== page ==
Making up a pack of jelly with two-thirds the recommended amount of water, then leaving it to cool (but not set), then beating up a can of chilled evaporated milk until thick, then beating in the almost- setting-but-not-quite jelly will make a big bowl of 'mousse'.  Our children remember me making this every Saturday to serve with our 'high tea', each week using a different flavoured jelly.  They just loved it.  Think a bowl of this was show on the front cover of 'The Goode Kitchen', where I'd added swirls of cream each with a chocolate leaf stuck in.

To make chocolate leaves you need to melt a little chocolate, then, holding the little stem drag rose leaves across the chocolate so the underside of the leaf is coated with chocolate, then leave to set firmly (these could be chilled in the fridge if in a hurry to serve).  Remove the leaf by holding the stem end and then peeling it away, this leaves an impression of the veins on the now 'topside' of the choccie leaf.
Not necessary to do this of course, you could decorate the top with just grated chocolate (goes well with orange jelly), or omit the choc altogether and just serve the 'mousse' as-is.

Despite my intention of making an early start, have allowed myself 'rambling time' again, so to make sure I have time for my 'tests' must now move on into the kitchen and roll up my sleeves and start working.  Tomorrow you will hear whether things have gone well, or not as the case may be.  By the weekend all tests should be complete and can then write up my recipes.  First I need to try and get the recipes typed to fit the correct size of paper (a standard A4 sheet, folded in half, to form two pages) so have to now work out how to do that.  Should be easy but not for me.  Will have to contact Steve to tell me how.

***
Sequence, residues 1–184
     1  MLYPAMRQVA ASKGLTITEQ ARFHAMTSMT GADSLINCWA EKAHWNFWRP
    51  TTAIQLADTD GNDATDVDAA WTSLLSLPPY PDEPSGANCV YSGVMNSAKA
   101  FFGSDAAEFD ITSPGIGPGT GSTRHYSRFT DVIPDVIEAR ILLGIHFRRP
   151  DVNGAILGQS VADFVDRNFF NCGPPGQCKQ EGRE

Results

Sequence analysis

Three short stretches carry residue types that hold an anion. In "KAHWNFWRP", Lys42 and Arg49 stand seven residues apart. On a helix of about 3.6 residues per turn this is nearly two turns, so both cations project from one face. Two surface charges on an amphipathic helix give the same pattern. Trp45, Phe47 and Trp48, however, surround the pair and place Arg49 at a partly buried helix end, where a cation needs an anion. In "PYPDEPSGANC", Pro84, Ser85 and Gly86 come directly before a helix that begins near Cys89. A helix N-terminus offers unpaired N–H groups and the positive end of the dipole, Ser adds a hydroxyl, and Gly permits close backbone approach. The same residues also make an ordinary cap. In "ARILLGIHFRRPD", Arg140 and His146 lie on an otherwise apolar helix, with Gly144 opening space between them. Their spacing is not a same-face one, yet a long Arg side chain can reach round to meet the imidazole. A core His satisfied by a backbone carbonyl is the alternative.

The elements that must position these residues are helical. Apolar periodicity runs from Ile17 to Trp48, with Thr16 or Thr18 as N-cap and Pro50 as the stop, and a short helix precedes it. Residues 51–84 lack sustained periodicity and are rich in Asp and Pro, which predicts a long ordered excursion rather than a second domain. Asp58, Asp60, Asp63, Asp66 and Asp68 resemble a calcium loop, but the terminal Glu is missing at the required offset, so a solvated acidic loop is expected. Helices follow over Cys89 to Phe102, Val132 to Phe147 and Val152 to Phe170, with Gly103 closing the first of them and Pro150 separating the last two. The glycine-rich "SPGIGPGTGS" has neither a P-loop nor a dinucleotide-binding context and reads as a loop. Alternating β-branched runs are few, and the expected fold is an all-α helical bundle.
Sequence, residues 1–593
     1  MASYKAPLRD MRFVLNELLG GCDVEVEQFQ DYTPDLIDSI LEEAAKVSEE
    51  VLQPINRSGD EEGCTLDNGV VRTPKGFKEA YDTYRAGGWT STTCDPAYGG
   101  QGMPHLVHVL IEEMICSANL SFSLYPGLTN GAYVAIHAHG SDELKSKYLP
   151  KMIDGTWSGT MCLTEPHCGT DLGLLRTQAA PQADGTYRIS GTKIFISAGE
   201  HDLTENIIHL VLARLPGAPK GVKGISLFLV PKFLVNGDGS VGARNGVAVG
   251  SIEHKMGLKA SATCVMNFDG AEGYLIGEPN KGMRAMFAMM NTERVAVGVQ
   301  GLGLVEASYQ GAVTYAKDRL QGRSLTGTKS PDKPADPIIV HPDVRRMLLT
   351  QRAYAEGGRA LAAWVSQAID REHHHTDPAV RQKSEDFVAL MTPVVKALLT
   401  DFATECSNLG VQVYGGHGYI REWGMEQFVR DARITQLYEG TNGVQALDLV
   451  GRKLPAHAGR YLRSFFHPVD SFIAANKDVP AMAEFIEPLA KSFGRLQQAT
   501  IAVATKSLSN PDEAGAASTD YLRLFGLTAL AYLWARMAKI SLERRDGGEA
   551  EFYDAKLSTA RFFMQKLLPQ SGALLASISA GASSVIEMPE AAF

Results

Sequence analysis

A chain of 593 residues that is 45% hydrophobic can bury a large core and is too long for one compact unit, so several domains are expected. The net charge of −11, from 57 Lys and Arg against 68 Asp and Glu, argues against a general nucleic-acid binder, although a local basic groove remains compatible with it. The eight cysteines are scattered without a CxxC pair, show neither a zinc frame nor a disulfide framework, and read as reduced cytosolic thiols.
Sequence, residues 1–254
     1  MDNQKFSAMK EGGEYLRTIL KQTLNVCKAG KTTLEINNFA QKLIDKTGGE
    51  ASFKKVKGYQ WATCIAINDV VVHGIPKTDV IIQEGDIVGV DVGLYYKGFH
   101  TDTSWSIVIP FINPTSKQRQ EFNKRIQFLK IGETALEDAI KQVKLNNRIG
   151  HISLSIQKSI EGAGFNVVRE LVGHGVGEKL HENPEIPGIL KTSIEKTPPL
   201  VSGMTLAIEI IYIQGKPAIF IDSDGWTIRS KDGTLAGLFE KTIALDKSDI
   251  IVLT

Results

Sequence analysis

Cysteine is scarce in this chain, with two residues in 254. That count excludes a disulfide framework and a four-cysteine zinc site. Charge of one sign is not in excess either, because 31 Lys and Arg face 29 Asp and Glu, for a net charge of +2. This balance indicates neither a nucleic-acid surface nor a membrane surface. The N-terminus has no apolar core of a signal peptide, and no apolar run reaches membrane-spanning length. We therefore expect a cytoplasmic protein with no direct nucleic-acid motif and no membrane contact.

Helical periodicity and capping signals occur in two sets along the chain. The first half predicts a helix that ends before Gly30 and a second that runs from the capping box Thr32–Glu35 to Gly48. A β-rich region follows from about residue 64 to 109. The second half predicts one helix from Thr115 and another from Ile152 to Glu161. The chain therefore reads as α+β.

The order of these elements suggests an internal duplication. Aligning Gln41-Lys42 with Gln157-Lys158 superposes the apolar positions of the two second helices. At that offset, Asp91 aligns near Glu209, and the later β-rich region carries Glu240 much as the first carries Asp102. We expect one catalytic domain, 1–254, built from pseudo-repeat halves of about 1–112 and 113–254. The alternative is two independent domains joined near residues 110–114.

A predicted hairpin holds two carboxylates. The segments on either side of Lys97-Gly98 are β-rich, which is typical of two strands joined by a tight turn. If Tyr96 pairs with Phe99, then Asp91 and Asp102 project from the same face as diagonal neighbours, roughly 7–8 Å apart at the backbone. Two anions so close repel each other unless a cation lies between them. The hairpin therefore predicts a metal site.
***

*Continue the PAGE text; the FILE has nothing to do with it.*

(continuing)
The forecast is for wintry weather (did I read -15C?) over the next few days.  Already parts of the UK have had deep snow.  But - as ever - not in Morecambe.  Sometimes it is as if M'cambe is in another country, where the 'sun don't (always) shine', but snow also never falls.  Personally, I'd rather have the two extremes, not having either can make life very boring.

Keep your comment coming, and if - because I've a lot on my mind at the moment - I've forgotten to reply to a query or give a requested recipe, please give me a nudge to remind me.  I always make memos so I don't forget, but sometimes do forget where I've put them.  My desk is piled high with cookbooks, notebooks, leaflets, in the same way as the above dessert - like 'layered'.  Now and again one pile topples over, so more things are mislaid. 
What is it they say "a tidy desk shows a tidy mind"?  No wonder my blogs are full of nothing much but rambles.  How messy is that?  At least hope enough useful info give to entice you all to keep returning.  Like tomorrow?  If so - looking forward to seeing you then.  Have a good day!